Anatomical and functional brain abnormalities in unmedicated major depressive disorder
Authors Yang X, Ma X, Li M, Liu Y, Zhang J, Huang B, Zhao L, Deng W, Li T, Ma X
Received 24 July 2015
Accepted for publication 17 August 2015
Published 18 September 2015 Volume 2015:11 Pages 2415—2423
Checked for plagiarism Yes
Review by Single anonymous peer review
Peer reviewer comments 3
Editor who approved publication: Dr Roger Pinder
Xiao Yang,1,2,* Xiaojuan Ma,3,* Mingli Li,1,2 Ye Liu,1 Jian Zhang,1 Bin Huang,4 Liansheng Zhao,1,2 Wei Deng,1,2 Tao Li,1,2 Xiaohong Ma1,2
1Psychiatric Laboratory and Department of Psychiatry, 2National Key Laboratory of Biotherapy, West China Hospital, Sichuan University, 3Chengdu First People’s Hospital, Chengdu, 4Dong Feng Mao Jian Hospital, Shiyan, People’s Republic of China
*These authors contributed equally to this work
Background: Using magnetic resonance imaging (MRI) and resting-state functional magnetic resonance imaging (rsfMRI) to explore the mechanism of brain structure and function in unmedicated patients with major depressive disorder (MDD).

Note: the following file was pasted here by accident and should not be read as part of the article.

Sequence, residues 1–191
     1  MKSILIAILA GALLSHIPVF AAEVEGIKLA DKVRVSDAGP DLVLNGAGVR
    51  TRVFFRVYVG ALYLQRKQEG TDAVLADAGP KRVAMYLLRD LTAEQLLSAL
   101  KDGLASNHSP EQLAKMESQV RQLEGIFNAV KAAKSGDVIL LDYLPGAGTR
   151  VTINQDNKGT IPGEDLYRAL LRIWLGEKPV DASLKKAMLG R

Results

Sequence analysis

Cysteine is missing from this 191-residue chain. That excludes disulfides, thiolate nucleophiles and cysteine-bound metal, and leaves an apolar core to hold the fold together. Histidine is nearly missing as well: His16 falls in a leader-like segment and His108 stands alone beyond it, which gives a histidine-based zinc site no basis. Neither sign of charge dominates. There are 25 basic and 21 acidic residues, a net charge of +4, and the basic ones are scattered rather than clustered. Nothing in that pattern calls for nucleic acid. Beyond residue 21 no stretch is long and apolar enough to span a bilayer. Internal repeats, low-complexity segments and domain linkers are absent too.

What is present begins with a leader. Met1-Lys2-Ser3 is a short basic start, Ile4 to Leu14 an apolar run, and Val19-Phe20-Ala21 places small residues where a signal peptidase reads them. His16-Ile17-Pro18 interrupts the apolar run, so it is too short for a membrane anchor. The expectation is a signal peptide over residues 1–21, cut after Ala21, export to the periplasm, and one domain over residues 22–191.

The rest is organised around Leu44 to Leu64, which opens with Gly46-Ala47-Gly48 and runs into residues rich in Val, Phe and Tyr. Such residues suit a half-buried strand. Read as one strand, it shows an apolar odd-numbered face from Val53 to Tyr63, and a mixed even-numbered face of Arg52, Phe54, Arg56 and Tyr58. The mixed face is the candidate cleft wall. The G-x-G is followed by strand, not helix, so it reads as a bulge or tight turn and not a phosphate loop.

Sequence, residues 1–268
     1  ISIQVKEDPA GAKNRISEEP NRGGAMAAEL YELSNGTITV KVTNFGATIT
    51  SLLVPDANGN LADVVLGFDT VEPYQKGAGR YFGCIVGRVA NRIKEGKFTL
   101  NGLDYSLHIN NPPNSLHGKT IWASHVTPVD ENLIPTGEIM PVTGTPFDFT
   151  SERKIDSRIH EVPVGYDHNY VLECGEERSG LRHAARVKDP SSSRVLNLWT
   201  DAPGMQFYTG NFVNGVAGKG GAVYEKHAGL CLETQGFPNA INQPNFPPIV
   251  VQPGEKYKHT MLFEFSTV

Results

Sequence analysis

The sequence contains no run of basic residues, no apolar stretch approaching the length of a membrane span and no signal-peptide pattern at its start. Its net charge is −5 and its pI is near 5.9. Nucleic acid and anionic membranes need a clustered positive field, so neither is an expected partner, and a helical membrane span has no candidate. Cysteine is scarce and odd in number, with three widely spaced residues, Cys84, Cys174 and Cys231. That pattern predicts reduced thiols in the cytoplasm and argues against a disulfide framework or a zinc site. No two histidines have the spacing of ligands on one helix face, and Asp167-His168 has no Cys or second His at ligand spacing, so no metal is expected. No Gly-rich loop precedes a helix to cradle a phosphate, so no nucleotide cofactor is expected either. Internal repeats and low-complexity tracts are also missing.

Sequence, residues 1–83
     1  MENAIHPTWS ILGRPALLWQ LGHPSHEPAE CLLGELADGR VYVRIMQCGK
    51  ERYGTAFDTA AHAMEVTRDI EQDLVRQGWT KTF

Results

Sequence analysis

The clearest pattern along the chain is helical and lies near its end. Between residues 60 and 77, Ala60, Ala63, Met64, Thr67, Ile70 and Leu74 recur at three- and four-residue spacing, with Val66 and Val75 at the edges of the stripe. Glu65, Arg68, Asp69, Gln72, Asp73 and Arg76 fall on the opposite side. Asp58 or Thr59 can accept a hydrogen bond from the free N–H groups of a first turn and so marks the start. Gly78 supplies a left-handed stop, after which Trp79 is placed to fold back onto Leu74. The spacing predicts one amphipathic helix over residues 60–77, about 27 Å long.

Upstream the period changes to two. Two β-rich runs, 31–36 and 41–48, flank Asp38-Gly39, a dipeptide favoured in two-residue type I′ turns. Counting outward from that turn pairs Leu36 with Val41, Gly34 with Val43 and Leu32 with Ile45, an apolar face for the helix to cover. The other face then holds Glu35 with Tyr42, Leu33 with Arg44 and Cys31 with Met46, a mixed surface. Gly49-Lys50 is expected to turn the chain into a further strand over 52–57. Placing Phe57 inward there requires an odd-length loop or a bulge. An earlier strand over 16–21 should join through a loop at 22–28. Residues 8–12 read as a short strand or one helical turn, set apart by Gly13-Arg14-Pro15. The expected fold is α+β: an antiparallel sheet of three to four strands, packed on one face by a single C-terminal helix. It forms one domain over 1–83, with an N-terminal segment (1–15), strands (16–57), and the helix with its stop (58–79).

Patients and methods: Fifty patients with MDD and 50 matched healthy control participants free of psychotropic medication underwent high-resolution structural and rsfMRI scanning. Optimized diffeomorphic anatomical registration through exponentiated lie algebra and the Data Processing Assistant for rsfMRI were used to find potential differences in gray-matter volume (GMV) and regional homogeneity (ReHo) between the two groups. A Pearson correlation model was used to analyze associations of morphometric and functional changes with clinical symptoms.
Results: Compared to healthy controls, patients with MDD showed significant GMV increase in the left posterior cingulate gyrus and GMV decrease in the left lingual gyrus (P<0.001, uncorrected). In ReHo analysis, values were significantly increased in the left precuneus and decreased in the left putamen (P<0.001, uncorrected) in patients with MDD compared to healthy controls. There was no overlap between anatomical and functional changes. Linear correlation suggested no significant correlation between mean GMV values within regions with anatomical abnormality and ReHo values in regions with functional abnormality in the patient group. These changes were not significantly correlated with symptom severity.
Conclusion: Our study suggests a dissociation pattern of brain regions with anatomical and functional alterations in unmedicated patients with MDD, especially with regard to GMV and ReHo.
Keywords: major depressive disorder, functional magnetic resonance imaging, gray-matter volume, regional homogeneity
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